The Christmas story that every school child learns in school is a conflated version of the accounts of Jesus’s birth in the Gospel According to Matthew and to Luke. It provides a very good story for Christmas plays and for the Nativity Scene—with shepherds, sheep, and the three wise men from the East, bearing gifts.
Modern readers of Matthew’s account may not see the hidden story which the very early followers of Jesus saw—an event that followed the good news about the birth of Jesus. This is the story of the flight into Egypt that the Holy Family took, upon learning that Herod the Great wanted to kill the newborn child. The question did not arise in the early Christian minds on why despite the story of Exodus or the 40-year journey of the Jewish people towards freedom and the Promised Land away from Egyptian oppression, the Holy Family would choose to go back to Egypt,
We see all Biblical stories as plain narratives. But not the first century Christians. The Flight into Egypt expressed the possibility of being returned to a life of bondage under the Romans. Open political expressions were suppressed so their stories were rich in symbolism and metaphors. The flight into Egypt may be a metaphor. This message also uses metaphors.
The Gospel account of Matthew is basically about the battle of religious beliefs during the first 100 years C.E. or the Common Era (50-100 A.D.). In the minds of the first followers of Jesus in the first ten decades of the Common Era, the three figures of Joseph, Mary, and Jesus going to Egypt are the counter-equivalent of the three figures of Aeneas, his father Anchises, and his son, Julus leaving Troy as it was burning, immortalized in the epic Aeneid. Aeneas was the best Trojan warrior, whose mother was the goddess Venus. The bright star, Venus, guided them towards Ilium, a few kilometers from present day Rome. One family walked towards a new life in a new place, while the other journeyed back to a land of oppression.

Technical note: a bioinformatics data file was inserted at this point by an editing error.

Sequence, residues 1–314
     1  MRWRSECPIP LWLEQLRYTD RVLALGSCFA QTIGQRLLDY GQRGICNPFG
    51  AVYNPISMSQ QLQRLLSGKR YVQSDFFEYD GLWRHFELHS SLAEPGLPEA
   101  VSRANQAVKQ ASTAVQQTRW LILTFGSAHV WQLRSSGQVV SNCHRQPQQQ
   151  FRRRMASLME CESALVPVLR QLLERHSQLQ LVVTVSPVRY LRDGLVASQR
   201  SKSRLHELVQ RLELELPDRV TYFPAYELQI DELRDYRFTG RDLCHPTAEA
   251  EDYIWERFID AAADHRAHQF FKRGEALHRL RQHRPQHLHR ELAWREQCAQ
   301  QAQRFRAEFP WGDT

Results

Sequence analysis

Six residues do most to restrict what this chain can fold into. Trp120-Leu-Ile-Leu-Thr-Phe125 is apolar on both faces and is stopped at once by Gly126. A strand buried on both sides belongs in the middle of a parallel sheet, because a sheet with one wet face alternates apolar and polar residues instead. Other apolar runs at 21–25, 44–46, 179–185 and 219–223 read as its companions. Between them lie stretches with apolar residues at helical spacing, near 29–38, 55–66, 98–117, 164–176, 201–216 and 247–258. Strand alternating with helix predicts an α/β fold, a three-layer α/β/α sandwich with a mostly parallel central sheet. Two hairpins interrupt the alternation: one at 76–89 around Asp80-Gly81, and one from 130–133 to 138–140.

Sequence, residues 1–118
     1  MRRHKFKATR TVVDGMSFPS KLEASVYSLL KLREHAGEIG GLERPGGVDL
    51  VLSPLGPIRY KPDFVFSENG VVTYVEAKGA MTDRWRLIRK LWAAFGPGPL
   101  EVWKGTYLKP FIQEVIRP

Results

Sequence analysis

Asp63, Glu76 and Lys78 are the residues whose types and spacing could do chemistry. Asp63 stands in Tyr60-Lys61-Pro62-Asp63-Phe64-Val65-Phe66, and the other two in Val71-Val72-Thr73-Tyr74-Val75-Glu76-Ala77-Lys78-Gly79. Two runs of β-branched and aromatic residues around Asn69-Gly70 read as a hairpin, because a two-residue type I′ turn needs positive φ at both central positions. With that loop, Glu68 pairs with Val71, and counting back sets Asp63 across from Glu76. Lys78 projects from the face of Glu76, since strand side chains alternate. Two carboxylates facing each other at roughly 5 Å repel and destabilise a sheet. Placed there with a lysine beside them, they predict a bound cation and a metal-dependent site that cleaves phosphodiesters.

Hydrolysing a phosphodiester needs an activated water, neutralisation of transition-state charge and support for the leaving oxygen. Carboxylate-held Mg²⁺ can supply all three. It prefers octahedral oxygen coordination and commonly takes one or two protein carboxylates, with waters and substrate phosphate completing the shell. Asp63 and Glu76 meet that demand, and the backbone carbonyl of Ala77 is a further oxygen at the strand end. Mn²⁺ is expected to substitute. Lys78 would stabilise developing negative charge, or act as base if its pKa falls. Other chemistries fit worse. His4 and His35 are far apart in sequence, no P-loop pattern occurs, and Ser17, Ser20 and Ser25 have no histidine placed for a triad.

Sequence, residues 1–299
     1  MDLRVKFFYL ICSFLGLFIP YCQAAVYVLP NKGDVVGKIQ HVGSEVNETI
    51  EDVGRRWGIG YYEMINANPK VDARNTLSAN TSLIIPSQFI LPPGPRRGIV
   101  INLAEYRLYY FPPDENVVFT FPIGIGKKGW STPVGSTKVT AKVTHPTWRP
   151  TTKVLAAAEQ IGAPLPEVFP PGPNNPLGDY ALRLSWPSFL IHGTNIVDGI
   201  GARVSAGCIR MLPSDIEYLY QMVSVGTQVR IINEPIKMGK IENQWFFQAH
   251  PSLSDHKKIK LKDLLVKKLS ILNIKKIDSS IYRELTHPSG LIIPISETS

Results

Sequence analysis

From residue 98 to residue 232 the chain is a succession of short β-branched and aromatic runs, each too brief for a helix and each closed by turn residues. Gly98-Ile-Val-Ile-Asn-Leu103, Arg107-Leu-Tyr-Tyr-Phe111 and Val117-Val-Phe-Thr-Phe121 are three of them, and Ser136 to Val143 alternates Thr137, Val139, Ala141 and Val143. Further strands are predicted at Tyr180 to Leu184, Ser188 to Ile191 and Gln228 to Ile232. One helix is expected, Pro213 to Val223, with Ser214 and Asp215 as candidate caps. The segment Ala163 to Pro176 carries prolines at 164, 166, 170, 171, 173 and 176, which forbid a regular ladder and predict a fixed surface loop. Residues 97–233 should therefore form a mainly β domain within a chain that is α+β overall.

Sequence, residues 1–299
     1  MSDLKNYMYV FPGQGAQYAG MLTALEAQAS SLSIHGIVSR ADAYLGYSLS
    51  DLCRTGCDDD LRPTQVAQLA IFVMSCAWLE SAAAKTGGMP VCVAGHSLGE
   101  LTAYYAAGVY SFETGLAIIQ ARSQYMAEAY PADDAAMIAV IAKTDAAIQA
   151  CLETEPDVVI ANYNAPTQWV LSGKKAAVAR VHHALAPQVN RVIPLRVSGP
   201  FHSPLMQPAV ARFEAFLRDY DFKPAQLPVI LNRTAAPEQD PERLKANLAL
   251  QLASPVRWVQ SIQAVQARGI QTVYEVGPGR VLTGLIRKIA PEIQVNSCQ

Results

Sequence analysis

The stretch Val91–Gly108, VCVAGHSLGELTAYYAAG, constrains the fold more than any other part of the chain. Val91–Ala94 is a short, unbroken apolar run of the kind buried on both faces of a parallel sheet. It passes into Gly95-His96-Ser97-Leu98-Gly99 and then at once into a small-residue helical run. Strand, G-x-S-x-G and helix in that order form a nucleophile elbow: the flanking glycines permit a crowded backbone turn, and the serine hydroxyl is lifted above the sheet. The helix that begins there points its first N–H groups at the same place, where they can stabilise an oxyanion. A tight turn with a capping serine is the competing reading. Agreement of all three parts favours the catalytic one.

The Romans believed that Aeneas was the ancestor of Remus and Romulus, the founders of Rome. Aeneas’ bloodline would produce Augustus Caesar, the first emperor of Rome under whose reign Jesus was born. Augustus Caesar was therefore of divine lineage. To the Romans, their Emperor Augustus’ divinity was not myth. It was the Roman Empire’s theology. Old coins found in archaeological sites have the image of Augustus stamped on one side bearing the imprint “Divi Filius” or “Divine Son” and the image of the goddess Venus or the goddess Victory on the other side of the coin. it was Caesar versus Jesus, both divine who protect their followers
The first followers of Jesus interpreted the coming of the Kingdom of God as the beginning of a new life. The Kingdom of God referred to the transformation of Earth “as it is in heaven.” So mentioning the end time and the coming of the Kingdom, referred more to hope for the end of Roman oppression than to the end of the world as we think it now. The coming of the Kingdom of God meant the return of justice (fairness) and real peace, not the Pax Romana.
Jesus’s birth in a manger sent the message that the Son of God and the Messiah, would return the homeland back to God to be under His rule. In Leviticus 25:23, it is written: “The land belongs to me, and you are but aliens and my tenants.” This means that God gave only stewardship responsibilities to human beings on this earth, but absolute “sovereignty over land” was solely God’s.